Similarly, I think, specializations might greatly influence and circumscribe speculation of the nature of weird life. Many biologists who have considered alternative forms of life are inclined to suspect that if life exists elsewhere in the universe, it has a biochemistry much like that of life we know. It is not surprising that hypotheses for weird life that is modestly weird (using say, certain amino acids not used by familiar life) were put forth by microbiologists. Ideas for life that is extremely weird, like life in the vicinity of black holes and the atmospheres of white dwarf stars (Adams and Laughlin) and life in other universes (Harnik et al.), were conceived by theoretical physicists and astrophysicists.

It’s reasonable to suppose that the reason for some of the gap is the nature of the fields of study, the perspectives that come with study in those fields, and the sort of intellect those fields attract to begin with. On the one hand, and to generalize, theoretical physicists are likely to be less interested in the particulars of a given phenomenon than they are in the underlying principles those particulars represent. Astronomers are cognizant of billions of stars as potential suns, the tens of billions of planets now estimated to be orbiting them, and the vast timescales over which the universe has existed and is likely to continue to exist. To a biologist pessimistic about the likelihood of weird life, a theoretical physicist might say that the particulars of biochemistry and chemistry are not as important as life’s most basic needs: energy and matter. And an astronomer would contend that those needs are met in many places in our universe, and have been met for billions of years. On the other hand — and to generalize further — a biologist is more likely than is a theoretical physicist to be aware of the fantastically complex chemical reactions that occur within a living cell, and the improbably long series of steps that led from amino acids to that cell. To a physicist or astronomer optimistic about the probability or inevitability of weird life, a biologist might counter that he fails to appreciate the intricacies of chemistry and biochemistry that would be necessary to produce it.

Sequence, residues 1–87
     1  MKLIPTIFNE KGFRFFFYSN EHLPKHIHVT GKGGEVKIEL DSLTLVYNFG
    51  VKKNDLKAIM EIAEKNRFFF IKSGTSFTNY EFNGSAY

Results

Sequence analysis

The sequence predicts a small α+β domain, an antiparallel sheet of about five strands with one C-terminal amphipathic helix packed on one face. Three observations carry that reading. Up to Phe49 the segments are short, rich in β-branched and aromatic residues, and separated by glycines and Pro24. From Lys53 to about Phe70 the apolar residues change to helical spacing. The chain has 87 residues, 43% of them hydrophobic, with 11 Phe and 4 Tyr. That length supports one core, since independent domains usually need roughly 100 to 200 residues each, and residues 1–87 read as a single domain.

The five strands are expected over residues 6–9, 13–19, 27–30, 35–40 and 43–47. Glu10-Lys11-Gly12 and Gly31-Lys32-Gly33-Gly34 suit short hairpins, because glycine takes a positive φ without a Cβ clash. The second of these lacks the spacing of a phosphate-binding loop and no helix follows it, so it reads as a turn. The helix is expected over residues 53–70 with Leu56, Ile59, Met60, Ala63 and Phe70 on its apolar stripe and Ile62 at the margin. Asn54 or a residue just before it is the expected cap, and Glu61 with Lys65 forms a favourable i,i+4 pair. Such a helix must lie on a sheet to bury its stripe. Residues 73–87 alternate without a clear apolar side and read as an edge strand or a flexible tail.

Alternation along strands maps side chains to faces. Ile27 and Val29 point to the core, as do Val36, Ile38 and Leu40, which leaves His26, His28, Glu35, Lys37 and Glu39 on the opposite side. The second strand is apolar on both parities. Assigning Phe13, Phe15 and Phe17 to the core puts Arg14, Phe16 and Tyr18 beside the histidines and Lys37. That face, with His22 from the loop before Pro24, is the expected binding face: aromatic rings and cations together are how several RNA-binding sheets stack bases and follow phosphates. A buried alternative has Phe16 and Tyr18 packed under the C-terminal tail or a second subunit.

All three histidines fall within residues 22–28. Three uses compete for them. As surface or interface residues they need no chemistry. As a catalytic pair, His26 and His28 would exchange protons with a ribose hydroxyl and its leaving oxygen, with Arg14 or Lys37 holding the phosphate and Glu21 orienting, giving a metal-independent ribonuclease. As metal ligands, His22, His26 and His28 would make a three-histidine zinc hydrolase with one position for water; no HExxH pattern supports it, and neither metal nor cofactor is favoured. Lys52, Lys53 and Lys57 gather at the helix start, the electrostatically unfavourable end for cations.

Adams, Fred, and Greg Laughlin. 1999. The Five Ages of the Universe: Inside the Physics of Eternity. New York: Free Press.

Asaravala, Amit. 2005. “Are Nanobacteria Making Us Ill?” Wired, March 14,

Cleland, Carol E. 2012. “Life without Definitions.” Synthese 185 (1): 125-44.

Folk, R. L. 1993. “SEM Imaging of Bacteria and Nanobacteria in Carbonate Sediments and Rocks.” Journal of Sedimentary Petrology 63: 990.

Fox, Douglas. 2007. “Life—but Not as We Know It.” New Scientist, 194 June 9, 34–39.

Kajander, E. O., and N. Ciftcioglu. 1998. “Nanobacteria: An Alternative Mechanism for Pathogenic Intra- and Extracellular Calcification and Stone Formation.” Proceedings of the National Academy of Sciences 95: 8274.

Harnik, Roni, Graham D. Kribs, and Gilad Perez. 2006. “A Universe without Weak Interactions.” Physical Review D 74, no. 3: 035006-1–035006-15.

Muller, T., W. Zilche, and N. Auner. 1998. “Recent Advances in the Chemistry of Si-Heteroatom Multiple Bonds.” In The Chemistry of Organic Silicon Compounds, Vol. 2, part 1, edited by Z. Rappoport and Y. Apeloig, 857–1062. Chichester, UK: Wiley.

Uwins, P. J. R., Webb, R. I., and Taylor, A. P. 1998. “Novel Nano-organisms from Australian Sandstones.” American Mineralogist 83: 1541–50.

Wolfe-Simon, Felisa, Jodi Switzer Blum, Thomas R. Kulp, Gwyneth W. Gordon, Shelley E. Hoeft, Jennifer Pett-Ridge, John F. Stolz, et al. 2010. “A Bacterium That Can Grow by Using Arsenic Instead of Phosphorus.” Science Express December 1. doi: 10.1126/science.1197258

Young, John D., and Jan Martel. 2010. “The Truth about Nanobacteria [Preview].” Scientific American, January. doi:10.1038/scientificamerican0110-52.